All of these powers have turned a blind eye to the Uyghurs’ suffering.
International Condemnation – Support for China
In July 2019, the United Nations and 22 members of the U.N. Human Rights Council urged China to stop its mass detention of Uyghur and other Muslims. Human rights groups such as Amnesty International and Human Rights Watch have also expressed grave concern, saying, “[o]ne of the great crimes of the 21st century is being committed in front of our eyes.”
The ambassadors from those 22 countries, which included the U.K., France, Germany, Australia and Japan, sent a letter to the U.N.: “We call on China to uphold its national laws and international obligations and to respect human rights and fundamental freedoms, including freedom of religion or belief in Xinjiang and across China.” The United States went so far as to impose sanctions on China for human rights violations after satellite imagery revealed evidence of the mass encampments and official documents were leaked detailing the immense abuse taking place against Muslims across Xinjiang.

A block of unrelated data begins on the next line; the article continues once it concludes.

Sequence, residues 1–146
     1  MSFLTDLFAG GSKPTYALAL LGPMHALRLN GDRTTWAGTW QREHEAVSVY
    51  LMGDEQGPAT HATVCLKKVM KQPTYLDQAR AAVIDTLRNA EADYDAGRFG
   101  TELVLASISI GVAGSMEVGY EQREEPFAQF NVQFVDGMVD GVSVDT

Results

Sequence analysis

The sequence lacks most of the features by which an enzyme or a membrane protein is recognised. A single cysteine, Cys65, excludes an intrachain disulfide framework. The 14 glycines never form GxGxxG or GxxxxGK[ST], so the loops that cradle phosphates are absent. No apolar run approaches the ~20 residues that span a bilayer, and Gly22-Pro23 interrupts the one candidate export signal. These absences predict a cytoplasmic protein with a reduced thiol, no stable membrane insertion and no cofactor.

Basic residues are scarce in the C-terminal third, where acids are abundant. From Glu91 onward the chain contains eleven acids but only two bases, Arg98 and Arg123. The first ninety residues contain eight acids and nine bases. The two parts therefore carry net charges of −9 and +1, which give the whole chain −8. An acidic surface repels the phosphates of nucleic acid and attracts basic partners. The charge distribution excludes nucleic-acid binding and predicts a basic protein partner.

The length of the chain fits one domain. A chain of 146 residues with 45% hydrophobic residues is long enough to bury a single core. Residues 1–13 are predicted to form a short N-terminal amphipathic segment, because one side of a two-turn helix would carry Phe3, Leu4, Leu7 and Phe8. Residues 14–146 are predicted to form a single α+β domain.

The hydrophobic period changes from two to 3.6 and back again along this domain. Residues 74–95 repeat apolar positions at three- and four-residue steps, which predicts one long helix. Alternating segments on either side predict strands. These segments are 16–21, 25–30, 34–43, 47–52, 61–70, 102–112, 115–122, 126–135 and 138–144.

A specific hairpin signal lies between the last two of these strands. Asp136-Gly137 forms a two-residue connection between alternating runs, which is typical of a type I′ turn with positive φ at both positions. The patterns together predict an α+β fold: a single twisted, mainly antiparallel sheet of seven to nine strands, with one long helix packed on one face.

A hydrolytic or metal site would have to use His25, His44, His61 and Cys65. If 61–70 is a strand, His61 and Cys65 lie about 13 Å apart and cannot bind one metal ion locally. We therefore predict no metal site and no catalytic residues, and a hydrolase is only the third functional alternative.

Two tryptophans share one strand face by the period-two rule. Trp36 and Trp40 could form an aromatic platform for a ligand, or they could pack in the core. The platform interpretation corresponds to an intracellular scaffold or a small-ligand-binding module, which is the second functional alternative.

In response to this criticism, 30 countries signed a letter in defence of China’s policies, choosing to praise China’s “contribution to the international human rights cause.” The signatories, including Cambodia, Egypt, North Korea, Pakistan, Russia, Saudi Arabia, Somalia, and the United Arab Emirates, also blocked a motion that would allow independent international observers into the Xinjiang region. It is no coincidence that most of the signatories opposing U.N. observers from entering Xinjiang have at one point or another also been accused of similar human rights violations. Their defence of China’s inhumanity is an attempt to keep the U.N. observers at bay from their own atrocities.
Every country dealing with China needs to consider the human rights concern surrounding the Xinjiang region. China has seemingly bought off the viable “Muslim opposers” and has built a coalition of human rights violators to defend its record in Xinjiang. With several nations already vulnerable prior to the COVID-19 pandemic, many countries will only have more incentive to overlook the atrocities committed against the Uyghur.